Datsun Redi-GO : Detailed Review
- by Ravi Ved
- May 13, 2016
- Views : 107633
Datsun is set to launch its micro-hatchback, the redi-GO in the Indian market, which happens to be its third offering. Will Nissan’s sub-brand get third time lucky?
For a brand that gave us a car like the 240Z aka the legendary Fairlady, Datsun has seen a radical shift in focus. Nissan brought the Datsun name back in 2013 to offer small, affordable cars to the masses, especially in emerging markets like India. For a country obsessed with affordability, that should have spelt instant success, but the Go and GO+ didn’t quite click, particularly since cost cutting in the quest for affordability was pretty obvious on both cars. The redi-GO concept Nissan showcased at the 2014 Auto Expo looked promising, and the production version that’s set to be launched seems to have a lot going for it too.
Nissan invited us to Kolkata, the city of joy, to experience its cheery little hatchback that shares a lot with its cousin and arch rival, the Renault Kwid. I for one was keen on seeing how the redi-GO feels after the impressive little Kwid, but the bigger question is will the redi-GO be able to revive Datsun’s fortunes?
The redi-GO’s design is completely different from the Kwid, unlike Renault-Nissan’s previous offerings that were ‘badge-engineered’. The redi-GO looks nothing like the Kwid which works in its favour. In fact, it looks pretty much unlike any other car in its class. Datsun has managed to make it look as close to the concept as possible, which means the redi-GO looks a lot more modern than its rivals. The edgy design, especially the front-end with the sloping hood that extends into the hexagonal grille gives it a youthful appeal. The headlights looks nice too, especially with their split design. Same cannot be said about the tiny LED DRLs though, since they are barely noticeable.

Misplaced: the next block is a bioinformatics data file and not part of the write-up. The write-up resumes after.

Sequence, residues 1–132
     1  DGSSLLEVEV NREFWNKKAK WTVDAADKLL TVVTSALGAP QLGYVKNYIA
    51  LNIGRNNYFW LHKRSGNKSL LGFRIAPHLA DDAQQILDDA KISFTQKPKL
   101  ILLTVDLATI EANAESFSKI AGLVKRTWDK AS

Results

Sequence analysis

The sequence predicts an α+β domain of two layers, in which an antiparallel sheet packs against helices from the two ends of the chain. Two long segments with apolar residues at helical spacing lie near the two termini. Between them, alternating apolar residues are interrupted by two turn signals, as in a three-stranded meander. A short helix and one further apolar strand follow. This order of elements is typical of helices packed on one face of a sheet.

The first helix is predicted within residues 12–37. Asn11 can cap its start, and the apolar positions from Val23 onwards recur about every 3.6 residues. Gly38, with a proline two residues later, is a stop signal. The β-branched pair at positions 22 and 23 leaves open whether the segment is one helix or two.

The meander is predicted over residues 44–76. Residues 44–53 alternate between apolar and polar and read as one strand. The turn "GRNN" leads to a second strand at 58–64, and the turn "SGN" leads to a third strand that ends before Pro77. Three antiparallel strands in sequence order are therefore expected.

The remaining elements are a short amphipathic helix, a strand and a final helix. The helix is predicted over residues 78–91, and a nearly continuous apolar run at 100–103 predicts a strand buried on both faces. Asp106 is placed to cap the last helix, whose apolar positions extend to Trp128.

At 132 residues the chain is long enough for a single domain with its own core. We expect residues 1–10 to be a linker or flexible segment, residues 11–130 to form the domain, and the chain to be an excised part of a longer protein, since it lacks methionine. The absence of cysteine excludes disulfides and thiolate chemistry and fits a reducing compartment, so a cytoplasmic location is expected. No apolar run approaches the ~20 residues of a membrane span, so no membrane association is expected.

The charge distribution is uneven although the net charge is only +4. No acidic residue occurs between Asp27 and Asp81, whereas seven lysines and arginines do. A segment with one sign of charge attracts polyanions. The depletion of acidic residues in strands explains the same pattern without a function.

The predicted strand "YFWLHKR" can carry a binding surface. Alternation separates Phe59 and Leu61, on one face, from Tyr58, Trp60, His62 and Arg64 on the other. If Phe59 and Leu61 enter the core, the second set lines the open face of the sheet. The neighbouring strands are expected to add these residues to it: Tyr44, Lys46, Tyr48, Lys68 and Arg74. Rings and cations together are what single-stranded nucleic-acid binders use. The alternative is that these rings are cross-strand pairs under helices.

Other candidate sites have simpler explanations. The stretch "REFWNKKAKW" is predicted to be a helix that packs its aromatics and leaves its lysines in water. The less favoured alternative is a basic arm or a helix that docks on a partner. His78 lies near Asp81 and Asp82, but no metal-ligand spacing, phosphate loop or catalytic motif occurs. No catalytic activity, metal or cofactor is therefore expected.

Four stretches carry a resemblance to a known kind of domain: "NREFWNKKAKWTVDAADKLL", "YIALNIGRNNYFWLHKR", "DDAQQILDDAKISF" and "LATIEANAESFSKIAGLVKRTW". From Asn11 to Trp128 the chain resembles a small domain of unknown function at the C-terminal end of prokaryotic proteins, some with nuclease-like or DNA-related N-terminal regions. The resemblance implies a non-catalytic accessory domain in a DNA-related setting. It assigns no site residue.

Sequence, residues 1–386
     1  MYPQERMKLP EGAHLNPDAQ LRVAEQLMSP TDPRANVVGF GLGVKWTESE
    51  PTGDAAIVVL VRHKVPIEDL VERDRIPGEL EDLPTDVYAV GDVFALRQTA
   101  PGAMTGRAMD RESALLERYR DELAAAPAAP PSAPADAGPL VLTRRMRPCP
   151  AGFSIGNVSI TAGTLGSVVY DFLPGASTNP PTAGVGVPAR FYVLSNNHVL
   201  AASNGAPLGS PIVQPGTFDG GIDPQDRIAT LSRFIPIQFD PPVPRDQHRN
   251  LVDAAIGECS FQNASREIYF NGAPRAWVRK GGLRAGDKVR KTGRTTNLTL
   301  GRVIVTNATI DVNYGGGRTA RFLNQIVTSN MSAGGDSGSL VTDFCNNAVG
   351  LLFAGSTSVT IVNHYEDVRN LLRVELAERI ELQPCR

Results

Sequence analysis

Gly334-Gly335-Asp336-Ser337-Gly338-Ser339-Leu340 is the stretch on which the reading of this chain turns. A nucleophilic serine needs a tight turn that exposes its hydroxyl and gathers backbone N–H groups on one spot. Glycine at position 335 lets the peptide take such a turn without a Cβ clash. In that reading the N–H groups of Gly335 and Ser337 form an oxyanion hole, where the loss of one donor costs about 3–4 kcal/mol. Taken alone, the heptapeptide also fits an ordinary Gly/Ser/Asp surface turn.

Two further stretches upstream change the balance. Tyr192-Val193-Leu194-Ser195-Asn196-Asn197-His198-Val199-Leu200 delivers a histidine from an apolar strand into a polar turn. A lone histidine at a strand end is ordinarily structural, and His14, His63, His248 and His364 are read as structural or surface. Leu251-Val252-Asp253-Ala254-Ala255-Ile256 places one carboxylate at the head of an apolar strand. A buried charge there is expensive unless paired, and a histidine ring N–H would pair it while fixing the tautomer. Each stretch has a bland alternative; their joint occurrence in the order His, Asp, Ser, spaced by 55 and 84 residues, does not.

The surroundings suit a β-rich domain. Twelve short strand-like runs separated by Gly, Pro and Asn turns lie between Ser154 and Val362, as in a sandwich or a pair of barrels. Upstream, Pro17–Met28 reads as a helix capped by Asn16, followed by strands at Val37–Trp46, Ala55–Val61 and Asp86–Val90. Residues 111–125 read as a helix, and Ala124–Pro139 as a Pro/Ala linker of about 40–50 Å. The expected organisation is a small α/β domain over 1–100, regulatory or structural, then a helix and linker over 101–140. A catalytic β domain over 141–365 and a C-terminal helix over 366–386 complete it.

The front three-quarter is the most appealing angle to look at the redi-GO, especially thanks to the sharp cut that runs from the front door right up to the tail lights. The design of the tail gate is again unique, but I didn’t quite like the way the taillights have been designed. On the whole, it is a car that looks eye-catching, especially in that bright shade of green.
Interiors and Features:
The redi-GO’s dashboard is washed in grey, and overall quality isn’t great. The dashboard feels as if it were built to a cost, and even the exposed sheet metal on the doors and C-pillar accentuate that feel. Thankfully, Datsun has ditched the GO’s old-school front bench seat in favour of two conventional seats, which look nice but could have offered some more comfort. To ensure that the passengers at the back remain comfortable, Datsun has restricted how far back you can push the driver’s seat. As a result taller, bigger drivers will not feel too comfortable behind the wheel despite overall space inside the car being decent for its size.